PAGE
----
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Texas Retro Merge
Written and photographed by JR Compton
from extensive notes by Kathy DelloStritto


J R was deeply disappointed. Kathy wasn't even surprised.

At first, we both thought Come Forward Emerging Texas Artists at the DMA through May 11, 2003 was just mediocre.

If it plugs in the wall or moves, blinks or flashes, curator Suzanne Weaver chose it for this show.

a white plate with a colorful tornado of primary colors - blue, red, yellow and green - spinning

Joey Fauerso - Enter Here, 2002
oil and acrylic on paper


60 artists were nominated by art professors and curators from all over Texas. 60 studios were visited. 11 were selected. They are, of course, racially, culturally, ethnically and sexually diverse, almost no matter what else.

Video and flashing colored lights are popular, as are smarmy, neither witty nor subversive, cutesy post Koonsian shapes that kept reminding us conversely (maybe perversely) of Celia Eberle, whose work is both witty and subversive, although she's no longer emerging.

Sadly befitting the City-run museum, the show has no sex, no love, no hostility or conflict of any kind, no tension, no protest, not nearly enough humor, few bright colors, nothing bites or even barks, no in your face, no gloom, no wonder, and darned little joy.

The show does have a distinctive look and feel. Clean, often serene, although a little crammed in some rooms. Overall airy, light, pastelish. Very retro.

We didn't hate everything, but it was several rooms before JR was even touched by anything, though he dutifully recorded something in every room.


bust portrait of a young man in a black shirt. Unlike most portrait subjects, he's got his thumb in his mouth, pulling his cheek slightly outward in an almost defiant pose.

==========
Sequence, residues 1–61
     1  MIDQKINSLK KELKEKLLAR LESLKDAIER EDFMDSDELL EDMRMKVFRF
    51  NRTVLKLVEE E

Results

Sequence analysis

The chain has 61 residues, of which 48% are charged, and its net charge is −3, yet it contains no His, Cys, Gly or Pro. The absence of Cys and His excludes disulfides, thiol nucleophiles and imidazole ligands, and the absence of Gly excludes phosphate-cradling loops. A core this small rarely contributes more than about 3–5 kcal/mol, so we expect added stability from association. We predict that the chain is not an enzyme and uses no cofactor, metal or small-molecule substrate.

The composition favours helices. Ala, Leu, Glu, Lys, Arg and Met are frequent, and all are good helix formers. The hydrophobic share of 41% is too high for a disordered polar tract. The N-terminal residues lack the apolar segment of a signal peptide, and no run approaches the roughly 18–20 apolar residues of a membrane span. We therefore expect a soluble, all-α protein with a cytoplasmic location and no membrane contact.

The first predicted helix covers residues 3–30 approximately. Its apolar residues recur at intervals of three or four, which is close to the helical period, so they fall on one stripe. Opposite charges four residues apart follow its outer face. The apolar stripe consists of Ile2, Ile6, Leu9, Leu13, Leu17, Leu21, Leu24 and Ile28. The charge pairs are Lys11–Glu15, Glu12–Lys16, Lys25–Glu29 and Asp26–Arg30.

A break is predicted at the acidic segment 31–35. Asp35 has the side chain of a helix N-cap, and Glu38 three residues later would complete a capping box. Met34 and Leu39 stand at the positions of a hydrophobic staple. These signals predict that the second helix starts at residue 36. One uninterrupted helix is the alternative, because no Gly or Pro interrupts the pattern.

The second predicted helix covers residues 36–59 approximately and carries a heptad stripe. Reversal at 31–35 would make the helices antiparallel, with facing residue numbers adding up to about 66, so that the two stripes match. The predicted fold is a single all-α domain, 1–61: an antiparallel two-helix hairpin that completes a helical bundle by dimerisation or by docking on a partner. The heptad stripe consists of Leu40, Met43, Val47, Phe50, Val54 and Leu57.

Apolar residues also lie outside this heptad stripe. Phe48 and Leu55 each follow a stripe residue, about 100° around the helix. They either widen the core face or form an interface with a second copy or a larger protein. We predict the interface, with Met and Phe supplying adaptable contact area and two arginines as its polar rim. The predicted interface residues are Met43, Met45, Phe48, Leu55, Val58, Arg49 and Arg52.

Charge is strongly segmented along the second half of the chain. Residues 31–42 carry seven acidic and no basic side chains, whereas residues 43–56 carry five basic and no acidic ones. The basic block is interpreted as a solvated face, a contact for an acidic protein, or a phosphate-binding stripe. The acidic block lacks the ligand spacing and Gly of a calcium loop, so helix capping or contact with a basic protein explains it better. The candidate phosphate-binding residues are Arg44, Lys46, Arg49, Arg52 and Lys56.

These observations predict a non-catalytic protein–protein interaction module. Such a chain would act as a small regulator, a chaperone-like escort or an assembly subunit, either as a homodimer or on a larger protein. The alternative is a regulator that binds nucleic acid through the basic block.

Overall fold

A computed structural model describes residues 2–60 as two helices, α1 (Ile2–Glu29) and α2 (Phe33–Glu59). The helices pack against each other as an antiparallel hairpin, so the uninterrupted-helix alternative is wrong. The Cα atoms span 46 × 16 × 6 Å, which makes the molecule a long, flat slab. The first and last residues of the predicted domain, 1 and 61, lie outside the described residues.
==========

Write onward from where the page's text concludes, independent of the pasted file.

Joey Fauerso - Neil, 2002
oil and acrylic on paper


Kathy's favorites were Brent Steen's OK, OK video of floating, and Joey Fauerso's luscious portraits interspersed with colorful, kinetic, lined whirligigs. It was the mix of the portrait's goofy, nose-picking and cheek-stretching humanity and the vivid little spinners on plates that brought JR back from his photo- documenting daze.

close up detail of various patterns of almost braille-looking bumps and squiggles of latex on clear film.

Irene Roderick - Façade Series: Pink, 2002
Latex primer on architectural film (extreme detail)


Kathy also liked Irene Roderick's large, lace-like, white on white, latex on film, image, intricate of texture and shape. JR thought the actual, backup and see it from across the room, pictures paled in comparison to Roderick's fascinating, up-close detail.


detail of an abstract painting on a slightly textured green field. The most noticeable thing about the painting is maybe a couple dozen thick daubs of light brown paint, pallete knifed onto the surface.

Augusto Di Stafano - untitled, 2002
oil, acrylic and molding paste
on canvas (detail)

Kathy dragged JR over to see the exquisite colors and textures of Augusto Di Stefano's paintings. And we both liked Brent Steen's Man Hugging Window drawing, loosely floating in so much neutral space.